I recall the endless calls for sacrifice being made by union and ALP leaders in the 1980s, and the way that it was universally recognised that upward redistribution is what was happening. It strikes me as odd that some who want to defend the Accord record now want to defend it as something its architects are very clear it wasn’t and was never intended to be.

  25. dedalus on 22nd May 2014 12:30 pm

    Dr Tad

    Are we making different points here? I’m not arguing on the economics of this, as I’m not qualified. My economic beliefs are pretty naive. My entire point relates to intent. You have to make a case that Hawke et al intentionally set out to create a further imbalance between the rich and the rest in order to advantage the former. Otherwise people like me are going to argue that they might have been doing so from more benign motives.

    You laugh! Come now, if I can concede some sense in your theory, you should concede some sense in mine.

    All you have really done is to assert that the redistribution upwards was so obvious that the governing parties had to be “deluded” into not realising it. Well, it might be obvious in 2014, but it may not have been so obvious in 1983. It might just be that they were informed by some economic principles that you don’t agree with. It’s even possible that they DID know what you assert to be obvious, but that they were counting on some better outcome which might flow from THAT. Your post-facto insight into their presumed short-termism might be missing their forward projection into some long-term prosperity for all.

    The popular media certainly seems to think so, that the times are pretty prosperous, sans the debt. Not that I take much notice of the echo chamber. But you have to admit that economics is a murky subject. I note that many of the most famous economists have taken diametrically opposed positions on the most basic ideas concerning money. What that tells me is that there are many economic theories, though I don’t go so far as to say that one is as good as another. That would be silly. Seventy five percent of the population say things like that. We are not one of those here, right? But I have noticed a certain rear-view-mirror aspect to economics. For whether a real-life outcome of a theory is one thing or another is often determined well after the fact – in this case 30 years after the fact, as you have stated dear Dr Tad… but anyway, I am descending into waffle. I must get back to my core belief on the subject. Which is that there are only 79 rich people in the world, and we should hate them.

  26. No Crap App: w/b 19 May 2014 | No Crap App on 24th May 2014 6:32 pm

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  27. guy on 25th May 2014 10:09 am

    Dr Tad, Shrike

    You need to look at the difference between income and wealth distribution before the effect of government interventions and afterwards, taking into account the impact of government services. While the Hawke Keating era may have increased the former, the impact was ameliorated by the effect of the latter. This included programmes to address income inequality through the provision of government services and things like HECS and Medicare. This fudge continued under Howard especially under the later “this reckless spending must stop” years. We had our cake and ate it too.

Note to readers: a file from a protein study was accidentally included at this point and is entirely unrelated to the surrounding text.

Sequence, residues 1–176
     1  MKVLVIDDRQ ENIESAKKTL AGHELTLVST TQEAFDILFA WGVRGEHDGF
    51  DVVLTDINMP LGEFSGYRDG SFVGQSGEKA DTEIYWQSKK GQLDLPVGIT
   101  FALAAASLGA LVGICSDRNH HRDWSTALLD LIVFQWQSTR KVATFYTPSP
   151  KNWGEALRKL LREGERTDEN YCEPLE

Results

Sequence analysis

What was the point of the redistribution of returns to capital? There was a shortage of capital for investment at the returns which had been available. Is there a difference now which would justify a different position? Yeah, perhaps most of the developed world hitting the zero lower bound for interest rates and the printing of zillions of dollars of new cash? We now have an excess of capital, facing a shortfall in demand and hence limited investment opportunities. The exact opposite situation to that which would require a further increase in the returns available to capital. Why is there a shortfall in demand – well, probably because the redistribution of income towards capital and away from labour around the world has gone too far?

    Who did what 30 years ago should not be the basis of what we do now. We should look to our present circumstances. The idea that Labor should feel constrained by what they did in power 30 years ago, when the Coalition has not been constrained by what they faithfully promised while in opposition 8 months ago, is ridiculous. We are facing completely different challenges now than we were 5 years ago, let alone 30.

  28. Jay Buoy on 25th May 2014 1:13 pm

    Reza Barati and the slashing of all aid to less fortunate countries would have sparked student protests once.. now its the HECS that provokes ire amongst academe … what a poor excuse for a nation we have become..

  29. The Piping Shrike on 25th May 2014 8:44 pm

    Guy, not sure what point you’re making about HECS, since university fees that were abolished by Whitlam were reintroduced by Hawke. While Hawke brought back Medibank, the levy that accompanied it was not compensated for under the Accord, and of course Hawke also brought in a copayment for Medicare. So the social wage was always equivocal, which is to be expected as the point was to lower the cost of labour. No point having the Accord if it didn’t.